A contribution missing from this issue—although it was planned—has to do with the national refusal to assimilate to European whiteness. Such a refusal could be found in the sustained Irish anti-colonial struggle, although it would require much critique. More convincingly is the key role played by Yugoslavia in the Non-Aligned Movement during the 1960s and 1970s. Initiated by Kwame Nkrumah, Jawaharlal Nehru, Gamal Abdel Nasser, Sukarno, and Josip Broz Tito, its first summit took place in Belgrade in September 1961. The “treason to whiteness” advocated by Noel Ignatiev (1992) is elevated at a national level here, in a strong commitment to solidarity with nations refusing to align with either the western capitalist bloc nor the Soviet Union and its allies. But such a “treason” is also contingent on time, with the racist mass murders of Bosniaks and Albanian Kosovars by Serbian militaries and paramilitaries in the 1990s, or more recently, the construction of a border wall at the Schengen limits between Slovenia and Croatia, while the latter marks the limits of the European Union, excluding the rest of what used to be Yugoslavia.
Questions pertaining to the relations between Indigeneity and whiteness are also central to the issue. By this, I do not mean the claims made by white supremacists groups in Europe that delusionally claim the term “Indigenous” for themselves. Rather, these relationships ought to be studied for the way European colonizers deem some Indigenous peoples to be in closer proximity to whiteness, in contrast with “darker,” “more savage” peoples. This is the case of Polynesians in contrast with Melanesians, as described by Maile Arvin in a conversation with Anaïs Duong-Pedica (who has helped me in many ways to put this issue together), but also of Amazighs in contrast with Maghrebi Arabs. In the colonial enterprise of the “civilizing mission,” based strongly within scientific racism, Europeans thus created racial hierarchies that indicated who was more likely to assimilate and move one shade closer to European whiteness—but never giving the colonized the full extent of political power afforded to whiteness. Some reminiscences of such an ideology (on a less dramatic level) can be found in the current fetishization of Sámi people within various spheres of cultural production. Far from being in solidarity with their struggle for land and against resource extractivism, we have lost count of cultural projects that seem to only see Sámi Indigeneity as a peculiar paradox of an Indigenous people “looking white.”
In parallel, a colonial process imagined by Spanish and Portuguese colonizers in Abya Yala (the Americas) was to drown Indigeneity into whiteness by forming national racial projects aiming at the intermixing of Indigenous peoples and European settlers. As we discuss with Mónica G. Moreno Figueroa, this is called “mestizaje” in Spanish, and it has become a paradigm to approach racial identities (or rather, the supposedly lack thereof) in Latin America. But mestizaje is merely an ideology of whiteness that skilfully dissimulates the still-operating conditions of settler colonialism and structural racism against both Indigenous and Black peoples. Such dissimulation is further deployed by the prominence of the U.S. epistemology of whiteness that flattens all communities south of its colonial border into one racial identity, blurring the political line between southern European settlers and Indigenous peoples.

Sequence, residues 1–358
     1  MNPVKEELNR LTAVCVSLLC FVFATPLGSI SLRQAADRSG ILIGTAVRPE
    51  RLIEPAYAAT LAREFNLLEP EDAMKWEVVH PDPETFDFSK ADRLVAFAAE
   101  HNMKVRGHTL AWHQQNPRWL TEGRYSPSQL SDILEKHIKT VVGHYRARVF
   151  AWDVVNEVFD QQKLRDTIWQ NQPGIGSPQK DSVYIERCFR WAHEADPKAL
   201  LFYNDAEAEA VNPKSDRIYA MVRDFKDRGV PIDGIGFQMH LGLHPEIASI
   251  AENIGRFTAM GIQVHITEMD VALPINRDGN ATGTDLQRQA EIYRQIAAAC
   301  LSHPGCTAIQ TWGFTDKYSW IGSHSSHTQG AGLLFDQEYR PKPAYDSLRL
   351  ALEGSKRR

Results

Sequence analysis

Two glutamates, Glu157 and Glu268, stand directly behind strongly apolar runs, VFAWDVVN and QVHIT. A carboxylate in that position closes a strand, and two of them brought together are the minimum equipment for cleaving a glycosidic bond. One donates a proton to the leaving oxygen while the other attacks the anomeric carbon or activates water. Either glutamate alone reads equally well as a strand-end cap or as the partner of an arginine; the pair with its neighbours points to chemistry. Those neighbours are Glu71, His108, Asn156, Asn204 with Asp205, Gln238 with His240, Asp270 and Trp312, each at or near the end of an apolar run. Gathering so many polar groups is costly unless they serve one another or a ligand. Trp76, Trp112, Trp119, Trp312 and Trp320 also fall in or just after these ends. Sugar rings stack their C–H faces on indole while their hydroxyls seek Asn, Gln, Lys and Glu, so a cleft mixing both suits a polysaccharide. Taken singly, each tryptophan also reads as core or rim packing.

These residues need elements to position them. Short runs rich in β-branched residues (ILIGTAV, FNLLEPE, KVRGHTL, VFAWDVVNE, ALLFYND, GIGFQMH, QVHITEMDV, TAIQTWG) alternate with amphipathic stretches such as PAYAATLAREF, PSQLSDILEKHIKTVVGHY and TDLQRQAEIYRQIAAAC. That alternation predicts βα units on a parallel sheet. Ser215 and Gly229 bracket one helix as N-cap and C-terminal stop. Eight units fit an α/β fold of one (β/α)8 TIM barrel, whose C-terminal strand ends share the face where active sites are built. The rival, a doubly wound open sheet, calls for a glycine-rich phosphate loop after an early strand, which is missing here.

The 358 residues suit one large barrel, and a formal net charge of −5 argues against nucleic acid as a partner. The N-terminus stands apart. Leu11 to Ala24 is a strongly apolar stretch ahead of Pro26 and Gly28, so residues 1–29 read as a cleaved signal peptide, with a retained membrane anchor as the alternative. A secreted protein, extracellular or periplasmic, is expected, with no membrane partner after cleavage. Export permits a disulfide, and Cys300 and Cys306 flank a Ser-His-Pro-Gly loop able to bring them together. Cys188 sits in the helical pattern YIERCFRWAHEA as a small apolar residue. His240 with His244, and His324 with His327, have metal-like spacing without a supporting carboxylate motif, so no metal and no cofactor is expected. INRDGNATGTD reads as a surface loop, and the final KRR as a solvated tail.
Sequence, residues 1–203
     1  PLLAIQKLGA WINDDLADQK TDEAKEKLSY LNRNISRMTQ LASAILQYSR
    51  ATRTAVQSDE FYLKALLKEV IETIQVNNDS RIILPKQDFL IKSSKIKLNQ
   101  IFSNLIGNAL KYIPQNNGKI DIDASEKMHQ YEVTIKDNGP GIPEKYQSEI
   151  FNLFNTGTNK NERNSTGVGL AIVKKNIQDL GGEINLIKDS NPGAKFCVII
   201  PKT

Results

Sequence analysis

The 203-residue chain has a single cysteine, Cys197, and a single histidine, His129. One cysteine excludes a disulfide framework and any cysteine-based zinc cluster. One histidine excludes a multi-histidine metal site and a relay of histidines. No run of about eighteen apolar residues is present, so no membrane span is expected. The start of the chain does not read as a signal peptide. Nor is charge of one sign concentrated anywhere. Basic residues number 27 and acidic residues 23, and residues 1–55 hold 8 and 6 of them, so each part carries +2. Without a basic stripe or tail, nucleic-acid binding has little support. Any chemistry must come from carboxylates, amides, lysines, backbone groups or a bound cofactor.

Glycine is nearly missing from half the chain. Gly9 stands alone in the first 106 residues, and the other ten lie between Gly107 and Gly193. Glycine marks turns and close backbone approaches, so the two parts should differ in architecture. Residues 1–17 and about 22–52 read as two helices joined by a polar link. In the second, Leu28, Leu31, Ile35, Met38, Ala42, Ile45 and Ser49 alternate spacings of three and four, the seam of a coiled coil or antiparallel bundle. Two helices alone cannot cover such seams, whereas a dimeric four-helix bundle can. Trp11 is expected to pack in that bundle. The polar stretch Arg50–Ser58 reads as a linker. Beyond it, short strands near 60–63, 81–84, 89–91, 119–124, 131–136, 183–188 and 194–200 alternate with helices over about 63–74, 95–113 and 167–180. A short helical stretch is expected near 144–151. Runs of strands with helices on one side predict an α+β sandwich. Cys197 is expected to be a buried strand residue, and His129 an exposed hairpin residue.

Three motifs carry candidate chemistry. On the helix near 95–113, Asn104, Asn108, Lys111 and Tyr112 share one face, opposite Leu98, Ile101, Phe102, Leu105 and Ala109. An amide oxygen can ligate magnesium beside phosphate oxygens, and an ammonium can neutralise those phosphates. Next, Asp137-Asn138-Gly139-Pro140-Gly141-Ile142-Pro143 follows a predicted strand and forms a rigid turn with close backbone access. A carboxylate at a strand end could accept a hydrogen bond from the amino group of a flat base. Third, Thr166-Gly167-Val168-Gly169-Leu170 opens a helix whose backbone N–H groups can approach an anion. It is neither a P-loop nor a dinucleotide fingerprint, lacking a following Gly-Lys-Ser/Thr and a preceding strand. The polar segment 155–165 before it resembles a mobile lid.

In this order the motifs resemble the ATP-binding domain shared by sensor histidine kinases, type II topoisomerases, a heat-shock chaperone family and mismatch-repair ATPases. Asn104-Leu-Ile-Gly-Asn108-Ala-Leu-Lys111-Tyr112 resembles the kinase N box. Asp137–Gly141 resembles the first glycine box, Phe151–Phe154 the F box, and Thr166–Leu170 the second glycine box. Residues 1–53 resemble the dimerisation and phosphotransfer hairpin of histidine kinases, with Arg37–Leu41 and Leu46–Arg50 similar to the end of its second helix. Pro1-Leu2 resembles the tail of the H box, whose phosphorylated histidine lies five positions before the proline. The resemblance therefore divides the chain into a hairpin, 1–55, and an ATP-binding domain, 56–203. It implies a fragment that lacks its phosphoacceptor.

These questions raise another more complex and delicate one, which goes back to the critique of reading race solely through a regime of visibility: the question of what came to be called “passing.” I have to admit that I certainly have no confidence in making this question any less complex. In challenging race’s regime of visibility/recognition, while also paying respect to the fact that this visibility is precisely what makes darker-skinned people more targeted by racist violence, reflections that go further than individualistic and sometimes self-indulgent accounts are rare.
The concept of “white privilege” is particularly illustrative of this. At best, it is a tautology that fails to recognize that whiteness is precisely the system that constructs a position of political domination through racialization. At worst, it defines “white” solely based on visual recognition and on the individualist level, designating a political condition for those who are likely to be spared from recognition-based violence (such as police brutality for instance). In doing so, it crowns a value system constructed upon the degree to which one is subjected to this type of violence. Although the concept of white privilege is certainly aimed at supporting people who are the most directly and intensely affected by racialization, it does not constitute a sufficient foundation for an anti-racist project in itself.
I hope that these imperfect considerations might influence your reading of this issue before drawing any conclusions, in the spirit of trust that characterizes our relationship between readers, contributors, and editor(s). Such a spirit allows for hesitation, vulnerability, and at times failure, which are necessary to walk the path we’re walking together. With this in mind, I wish you an excellent read. ■